Zaidi Guajardo finds niche helping othersLa Esperanza's director blends compassion, corporate experience
Georgetown — Zaida Guajardo gave up a prestigious six-figure job with great perks in her native Puerto Rico to come to the United States and work for a nonprofit organization.
The energetic executive director of La Esperanza in Georgetown said the move was not what she expected at first, but it turned out to be the best decision of her life.
Located in the middle of Georgetown’s Latino community, La Esperanza – or hope, in English – provides services to help Latinos assimilate into Sussex County communities.
Founded in 1996 primarily to assist with immigration issues faced by a growing Mexican and Guatemalan population, the agency has branched out to offer educational, health, education and victims’ services to more than 8,000 clients each year.
In Puerto Rico, Guajardo worked for a telecommunications company and supervised 300 employees at three locations until one of her brothers living in the United States convinced her that her opportunities would be better in America.
She had lived in Delaware in the 1970s when her father moved here to find work. Her family moved back to Puerto Rico where she completed high school and college.
She took a three-year leave of absence, kept her home in Puerto Rico and moved back to Dover in 2000. To her surprise, she couldn’t find work for two years.
She landed a job as an administrative assistant – she had three of those at her old job – working for the Latin American Community Center in Wilmington where she stayed for four years.
It was not the job she had been searching for, but it opened another door. Guajardo says she has found her niche in the nonprofit world; she loves helping people. “Before I was always career-oriented and striving to get up the corporate ladder,” she said.
She came to work for La Esperanza five years ago, and she immediately put the lessons she learned in the corporate world to work. She combines the empathy and compassion needed to work with new immigrants totally confounded by a new culture with the grace and style to sell La Esperanza’s mission to those who have the ability to make large donations.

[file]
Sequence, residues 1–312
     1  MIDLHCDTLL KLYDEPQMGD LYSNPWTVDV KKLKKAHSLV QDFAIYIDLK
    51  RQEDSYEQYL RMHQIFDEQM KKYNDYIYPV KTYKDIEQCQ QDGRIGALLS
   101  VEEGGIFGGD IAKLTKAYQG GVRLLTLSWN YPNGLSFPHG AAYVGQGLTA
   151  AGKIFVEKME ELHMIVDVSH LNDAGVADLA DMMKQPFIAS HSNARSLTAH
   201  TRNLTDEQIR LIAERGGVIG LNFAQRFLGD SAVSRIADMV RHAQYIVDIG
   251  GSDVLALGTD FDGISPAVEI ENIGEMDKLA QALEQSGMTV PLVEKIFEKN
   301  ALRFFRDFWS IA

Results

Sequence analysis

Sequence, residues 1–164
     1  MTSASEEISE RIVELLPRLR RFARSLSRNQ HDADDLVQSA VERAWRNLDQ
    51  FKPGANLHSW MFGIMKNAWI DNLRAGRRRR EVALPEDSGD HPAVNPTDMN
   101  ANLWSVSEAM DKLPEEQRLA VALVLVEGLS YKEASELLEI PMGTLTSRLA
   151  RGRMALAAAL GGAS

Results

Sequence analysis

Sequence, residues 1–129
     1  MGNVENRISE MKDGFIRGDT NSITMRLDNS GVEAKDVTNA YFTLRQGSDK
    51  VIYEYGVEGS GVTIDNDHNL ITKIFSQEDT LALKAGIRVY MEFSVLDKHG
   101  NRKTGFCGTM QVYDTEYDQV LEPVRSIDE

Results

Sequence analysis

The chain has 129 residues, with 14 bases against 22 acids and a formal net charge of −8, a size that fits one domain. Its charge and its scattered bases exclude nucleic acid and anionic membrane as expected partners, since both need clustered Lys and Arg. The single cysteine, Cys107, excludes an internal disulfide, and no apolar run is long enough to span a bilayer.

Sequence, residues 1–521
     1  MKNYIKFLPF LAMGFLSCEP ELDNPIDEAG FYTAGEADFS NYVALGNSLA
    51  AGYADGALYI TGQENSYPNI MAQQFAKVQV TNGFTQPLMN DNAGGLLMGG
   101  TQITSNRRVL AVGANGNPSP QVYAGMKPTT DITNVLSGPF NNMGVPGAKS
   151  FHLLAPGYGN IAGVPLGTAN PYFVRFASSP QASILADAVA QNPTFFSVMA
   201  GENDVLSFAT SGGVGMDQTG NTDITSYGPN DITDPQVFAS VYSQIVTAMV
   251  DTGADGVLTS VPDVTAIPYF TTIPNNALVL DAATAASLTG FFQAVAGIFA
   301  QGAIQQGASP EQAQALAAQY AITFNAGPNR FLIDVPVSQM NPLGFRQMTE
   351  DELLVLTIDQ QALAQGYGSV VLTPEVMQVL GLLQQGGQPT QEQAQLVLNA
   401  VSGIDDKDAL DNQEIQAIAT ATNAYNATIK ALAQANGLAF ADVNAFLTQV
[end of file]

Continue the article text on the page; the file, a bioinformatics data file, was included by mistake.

Under her leadership the agency has increased programming, upped its staff from one full-time employee to 10 employees and pumped up the budget from $200,000 to $750,000. More importantly, Guajardo says, there is $400,000 in the bank for the future.
She said it’s important that La Esperanza operate on a strong foundation, be self-sustaining and prepare for the future.
“We empower our clients, teach them to be self-sustaining and independent. We want them to follow our lead; we want to be their role models,” she said.
What she was taught as the youngest of five in her native Puerto Rico has stayed with her; it is the foundation of how she approaches her job at La Esperanza.
“I was taught early to work hard,” she said. “I don’t believe in handouts except to the right person who really needs it. But to a point it has to be cut.”
Those who receive services at La Esperanza are asked to give back by donating money, skills or program help donations.
She also stressed that learning English is the most important step to learning to live in a new country. “We push that message in every program we provide,” she said.
Guajardo said they have had to reinvent their English programs after staff learned that many people did not comprehend the language because they were illiterate in their own language.
“I don’t look at this as a job,” she said. “I realize we can’t save the world, but one by one, we can help with the services we provide.”
Guajardo is well aware of the complex issues surrounding Hispanic immigration into the United States. U.S. Census figures show as many as 1,500 people of Hispanic or Latino origin call Georgetown their home. In all of Sussex County that number jumps to about 13,000 residents.
Contrary to what some might think, Guajardo said, all of those who come from Latin American countries want to become citizens. “They don’t want to be in the shadows,” she said.
La Esperanza was formed 15 years ago to assist immigrants with immigration issues, and it’s still an important part of the mission today. Because the road to citizenship or obtaining a work permit is complex and expensive, La Esperanza has staff and funding available to assist newcomers.
She and husband Fernando – they were married in 2004 – have a large combined family in their Lincoln home that includes their 2-year-old twins and four children – her two boys and his two girls – from previous marriages.
Although Puerto Rico will always be home to Guajardo, she has found a second home in Sussex County.
“Overall, the people here are so welcoming with a strong sense of community,” she said. “It’s very close to home for me.’